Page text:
Nation‐states are increasingly sharing sovereignty, both with other states and with supranational and non‐governmental institutions. This is partly due to a long period of economic and financial globalisation, which has undercut territorial notions of sovereignty and varieties
of capitalism. In trying to understand this phenomenon, we are drawn to sovereign wealth funds (SWFs), as they offer a unique lens into the changing dynamics of contemporary capitalism, global economic integration and state sovereignty. Indeed, the SWF provides governments with a tool for
both engaging with new spatial forms as well as resisting them. While politicians may conceptualise the objective of such funds in the most practical terms, they serve an under‐appreciated role in maintaining state sovereignty in a globalised world. In this paper, we build on emerging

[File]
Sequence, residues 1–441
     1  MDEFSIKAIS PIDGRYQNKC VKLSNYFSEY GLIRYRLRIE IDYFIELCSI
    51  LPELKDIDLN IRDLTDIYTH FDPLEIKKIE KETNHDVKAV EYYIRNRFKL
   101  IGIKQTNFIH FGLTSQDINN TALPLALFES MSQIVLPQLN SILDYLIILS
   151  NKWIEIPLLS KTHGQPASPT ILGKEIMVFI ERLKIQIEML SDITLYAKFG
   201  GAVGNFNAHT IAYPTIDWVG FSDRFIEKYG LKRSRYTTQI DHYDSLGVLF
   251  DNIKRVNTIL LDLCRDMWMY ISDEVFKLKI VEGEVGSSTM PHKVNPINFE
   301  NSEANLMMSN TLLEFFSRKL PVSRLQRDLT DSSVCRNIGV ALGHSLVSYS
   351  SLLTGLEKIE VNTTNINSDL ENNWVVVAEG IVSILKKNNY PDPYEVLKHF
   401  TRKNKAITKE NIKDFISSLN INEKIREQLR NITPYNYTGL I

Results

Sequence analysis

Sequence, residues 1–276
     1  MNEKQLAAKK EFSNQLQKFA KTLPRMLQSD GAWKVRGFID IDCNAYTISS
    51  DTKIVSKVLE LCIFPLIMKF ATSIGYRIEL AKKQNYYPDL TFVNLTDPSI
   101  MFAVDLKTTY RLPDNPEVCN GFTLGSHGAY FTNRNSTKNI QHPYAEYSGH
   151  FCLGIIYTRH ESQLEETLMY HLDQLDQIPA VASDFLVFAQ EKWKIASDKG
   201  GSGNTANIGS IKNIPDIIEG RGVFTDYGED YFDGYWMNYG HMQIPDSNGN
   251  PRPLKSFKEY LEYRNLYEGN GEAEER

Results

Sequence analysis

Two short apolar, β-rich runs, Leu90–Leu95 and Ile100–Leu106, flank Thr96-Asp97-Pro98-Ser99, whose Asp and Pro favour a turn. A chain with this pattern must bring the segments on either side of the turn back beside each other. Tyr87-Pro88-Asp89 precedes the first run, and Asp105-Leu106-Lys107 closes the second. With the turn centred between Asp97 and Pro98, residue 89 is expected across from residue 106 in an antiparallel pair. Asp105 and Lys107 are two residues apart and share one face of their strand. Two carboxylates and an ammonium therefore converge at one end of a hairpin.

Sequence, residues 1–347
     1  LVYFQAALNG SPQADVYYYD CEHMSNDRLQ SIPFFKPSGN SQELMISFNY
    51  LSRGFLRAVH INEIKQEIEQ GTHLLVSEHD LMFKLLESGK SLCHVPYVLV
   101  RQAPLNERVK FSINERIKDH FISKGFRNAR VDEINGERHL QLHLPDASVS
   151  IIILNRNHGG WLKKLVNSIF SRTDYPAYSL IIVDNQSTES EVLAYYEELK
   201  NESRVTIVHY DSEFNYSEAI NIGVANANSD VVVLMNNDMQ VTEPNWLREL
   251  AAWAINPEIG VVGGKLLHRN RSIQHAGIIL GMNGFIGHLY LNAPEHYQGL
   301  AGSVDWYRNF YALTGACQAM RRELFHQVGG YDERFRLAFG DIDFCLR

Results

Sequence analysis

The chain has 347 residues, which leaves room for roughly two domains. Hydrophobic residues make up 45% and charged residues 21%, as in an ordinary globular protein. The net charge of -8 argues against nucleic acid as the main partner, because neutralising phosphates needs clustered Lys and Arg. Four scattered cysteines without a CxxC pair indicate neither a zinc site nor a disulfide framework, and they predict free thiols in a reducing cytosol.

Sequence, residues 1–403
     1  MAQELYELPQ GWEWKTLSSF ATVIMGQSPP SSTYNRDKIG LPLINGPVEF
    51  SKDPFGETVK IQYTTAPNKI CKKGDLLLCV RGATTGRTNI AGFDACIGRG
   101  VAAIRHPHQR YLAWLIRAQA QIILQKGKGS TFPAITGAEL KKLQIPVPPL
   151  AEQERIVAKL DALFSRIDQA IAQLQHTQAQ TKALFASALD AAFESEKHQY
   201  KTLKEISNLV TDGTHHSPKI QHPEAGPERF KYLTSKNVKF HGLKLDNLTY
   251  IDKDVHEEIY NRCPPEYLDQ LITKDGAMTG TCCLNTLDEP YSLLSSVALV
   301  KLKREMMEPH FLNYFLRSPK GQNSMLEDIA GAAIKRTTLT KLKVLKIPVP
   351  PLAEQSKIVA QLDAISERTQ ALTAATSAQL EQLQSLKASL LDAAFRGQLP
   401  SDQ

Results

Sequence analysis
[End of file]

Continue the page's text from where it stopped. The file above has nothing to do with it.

interdisciplinary scholarship concerning the rise of SWFs by broadening the interpretation of the utility of SWFs for the sponsoring government in relation to the practice and constitution of sovereignty, explicitly bridging political and economic geography. To this end, we offer an innovative,
stylised typology of SWFs in relation to the state and sovereignty. The objective is to better understand the potential long‐term significance of SWFs and the factors that might underpin further development of new SWFs in different countries in the future. Moreover, we believe SWFs
can be differentiated according to the role they play in sovereignty and what underlies their claims to legitimacy within their respective nation‐state. By understanding the rise and purpose of SWFs, we hope to better understand the sovereign in SWFs.